Methods for uncertainty propagation in life cycle assessment
Groen, E.A. ; Heijungs, R. ; Bokkers, E.A.M. ; Boer, I.J.M. de - \ 2014
Environmental Modelling & Software 62 (2014). - ISSN 1364-8152 - p. 316 - 325.
sensitivity-analysis - decision-making - lca - model - input - simulation - inventory - output
Life cycle assessment (LCA) calculates the environmental impact of a product over its entire life cycle. Uncertainty analysis is an important aspect in LCA, and is usually performed using Monte Carlo sampling. In this study, Monte Carlo sampling, Latin hypercube sampling, quasi Monte Carlo sampling, analytical uncertainty propagation and fuzzy interval arithmetic were compared based on e.g. convergence rate and output statistics. Each method was tested on three LCA case studies, which differed in size and behaviour. Uncertainty propagation in LCA using a sampling method leads to more (directly) usable information compared to fuzzy interval arithmetic or analytical uncertainty propagation. Latin hypercube and quasi Monte Carlo sampling provide more accuracy in determining the sample mean than Monte Carlo sampling and can even converge faster than Monte Carlo sampling for some of the case studies discussed in this paper.
Reducing the impact of irrigated crops on freshwater availability: the case of Brazilian yellow melons
Brito de Figueirêdo, M.C. ; Boer, I.J.M. de; Kroeze, C. ; Silva Barros, V. da; Sousa, J.A. de; Souza de Aragão, F.A. ; Sonsol Gondim, R. ; Potting, J. - \ 2014
The International Journal of Life Cycle Assessment 19 (2014)2. - ISSN 0948-3349 - p. 437 - 448.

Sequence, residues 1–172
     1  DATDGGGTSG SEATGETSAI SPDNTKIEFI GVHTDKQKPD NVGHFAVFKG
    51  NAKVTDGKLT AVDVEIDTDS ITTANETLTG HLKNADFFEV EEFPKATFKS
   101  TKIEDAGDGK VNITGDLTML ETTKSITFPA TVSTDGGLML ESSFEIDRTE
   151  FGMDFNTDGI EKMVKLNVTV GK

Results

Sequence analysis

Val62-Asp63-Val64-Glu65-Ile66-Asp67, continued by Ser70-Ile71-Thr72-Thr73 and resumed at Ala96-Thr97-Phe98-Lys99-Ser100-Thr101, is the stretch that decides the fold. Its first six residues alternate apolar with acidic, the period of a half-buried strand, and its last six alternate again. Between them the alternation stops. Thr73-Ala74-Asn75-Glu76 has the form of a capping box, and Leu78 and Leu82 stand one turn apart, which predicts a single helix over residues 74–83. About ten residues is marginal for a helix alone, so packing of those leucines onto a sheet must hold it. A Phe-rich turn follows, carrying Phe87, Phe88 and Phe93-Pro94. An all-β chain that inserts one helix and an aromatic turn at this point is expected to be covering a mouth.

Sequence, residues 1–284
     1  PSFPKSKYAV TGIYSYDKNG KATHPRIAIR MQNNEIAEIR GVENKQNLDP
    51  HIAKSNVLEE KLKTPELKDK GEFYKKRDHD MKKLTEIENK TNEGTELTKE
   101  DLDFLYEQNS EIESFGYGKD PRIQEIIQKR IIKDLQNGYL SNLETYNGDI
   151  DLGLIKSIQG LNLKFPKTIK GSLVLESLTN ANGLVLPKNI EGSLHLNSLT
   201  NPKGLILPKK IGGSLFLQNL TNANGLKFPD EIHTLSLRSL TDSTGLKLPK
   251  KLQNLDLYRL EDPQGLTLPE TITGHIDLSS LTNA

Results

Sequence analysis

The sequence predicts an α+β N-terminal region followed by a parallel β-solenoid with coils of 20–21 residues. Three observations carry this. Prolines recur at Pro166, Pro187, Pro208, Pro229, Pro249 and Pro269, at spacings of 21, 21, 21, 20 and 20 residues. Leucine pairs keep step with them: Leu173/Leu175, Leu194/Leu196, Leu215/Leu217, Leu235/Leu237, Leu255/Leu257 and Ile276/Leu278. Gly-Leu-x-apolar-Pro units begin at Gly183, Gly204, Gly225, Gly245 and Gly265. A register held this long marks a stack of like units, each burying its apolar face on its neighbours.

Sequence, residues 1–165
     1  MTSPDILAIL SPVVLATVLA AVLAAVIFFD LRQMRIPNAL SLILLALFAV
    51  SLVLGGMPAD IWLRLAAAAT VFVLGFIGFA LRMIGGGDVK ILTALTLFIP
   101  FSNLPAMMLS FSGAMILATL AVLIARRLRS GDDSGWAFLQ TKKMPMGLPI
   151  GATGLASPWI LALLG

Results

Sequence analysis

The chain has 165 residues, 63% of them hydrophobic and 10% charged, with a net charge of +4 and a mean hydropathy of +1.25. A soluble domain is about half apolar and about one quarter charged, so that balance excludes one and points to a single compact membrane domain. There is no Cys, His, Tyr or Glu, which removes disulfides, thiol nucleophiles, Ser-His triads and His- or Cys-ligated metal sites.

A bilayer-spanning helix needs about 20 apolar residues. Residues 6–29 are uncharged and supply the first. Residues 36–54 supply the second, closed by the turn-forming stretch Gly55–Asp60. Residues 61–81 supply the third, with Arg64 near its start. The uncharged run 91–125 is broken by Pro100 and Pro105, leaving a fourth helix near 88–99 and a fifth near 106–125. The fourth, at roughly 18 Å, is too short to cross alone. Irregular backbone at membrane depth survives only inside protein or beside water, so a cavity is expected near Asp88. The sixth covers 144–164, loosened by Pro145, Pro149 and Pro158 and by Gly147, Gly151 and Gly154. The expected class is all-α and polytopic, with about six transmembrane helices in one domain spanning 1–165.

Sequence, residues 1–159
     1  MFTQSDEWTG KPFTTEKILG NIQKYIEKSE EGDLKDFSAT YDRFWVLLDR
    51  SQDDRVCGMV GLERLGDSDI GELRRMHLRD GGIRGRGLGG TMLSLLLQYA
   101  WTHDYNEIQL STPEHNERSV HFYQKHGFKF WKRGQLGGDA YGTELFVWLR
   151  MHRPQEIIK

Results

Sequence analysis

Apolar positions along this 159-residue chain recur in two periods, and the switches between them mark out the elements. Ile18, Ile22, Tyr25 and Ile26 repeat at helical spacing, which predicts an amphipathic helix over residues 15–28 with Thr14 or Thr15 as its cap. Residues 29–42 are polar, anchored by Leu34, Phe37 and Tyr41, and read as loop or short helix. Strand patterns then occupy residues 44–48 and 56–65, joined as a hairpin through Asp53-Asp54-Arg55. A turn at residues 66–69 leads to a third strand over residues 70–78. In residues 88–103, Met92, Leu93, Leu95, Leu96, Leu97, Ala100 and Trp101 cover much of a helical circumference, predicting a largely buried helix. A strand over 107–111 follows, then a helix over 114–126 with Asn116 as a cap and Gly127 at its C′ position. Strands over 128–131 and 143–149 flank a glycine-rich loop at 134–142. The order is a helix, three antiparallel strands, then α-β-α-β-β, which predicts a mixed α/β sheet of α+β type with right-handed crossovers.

environmental impacts - lca - l. - consumption - products - quality - yield
Purpose This study quantifies freshwater consumption throughout the life cycle of Brazilian exported yellow melons and assesses the resulting impact on freshwater availability. Results are used to identify improvement options. Moreover, the study explores the further impact of variations in irrigation volume, yield, and production location. Methods The product system boundary encompasses production of seeds, seedlings, and melon plants; melon packing; disposal of solid farm waste; and farm input and melon transportation to European ports. The primary data in the study were collected from farmers in order to quantify freshwater consumption related to packing and to production of seeds, seedlings, and melons. Open-field melon irrigation was also estimated, considering the region's climate and soil characteristics. Estimated and current water consumptions were compared in order to identify impact reduction opportunities. Sensitivity analysis was used to evaluate variations in the impact because of changes in melon field irrigation, yield, and farm location. Results and discussion This study shows that the average impact on freshwater availability of 1 kg of exported Brazilian yellow melons is 135 l H2O-e, with a range from 17 to 224 l H2O-e depending on the growing season's production period. Irrigation during plant production accounts for 98 % of this impact. Current melon field water consumption in the Low Jaguaribe and Açu region is at least 39 % higher than necessary, which affects the quality of fruits and yield. The impact of melon production in other world regions on freshwater availability may range from 0.3 l H2O-e/kg in Costa Rica to 466 l H2O-e/kg in the USA. Conclusions The impact of temporary crops, such as melons, on water availability should be presented in ranges, instead of as an average, since regional consumptive water and water stress variations occur in different growing season periods. Current and estimated water consumption for irrigation may also be compared in order to identify opportunities to achieve optimization and reduce water availability impact.
Life cycle assessment of segregating fattening pig urine and feces compared to conventional liquid manure management
Vries, J.W. de; Aarnink, A.J.A. ; Groot Koerkamp, P.W.G. ; Boer, I.J.M. de - \ 2013
Environmental Science and Technology 47 (2013)3. - ISSN 0013-936X - p. 1589 - 1597.
greenhouse-gas emissions - environmental consequences - farming systems - slurry - straw - soils - lca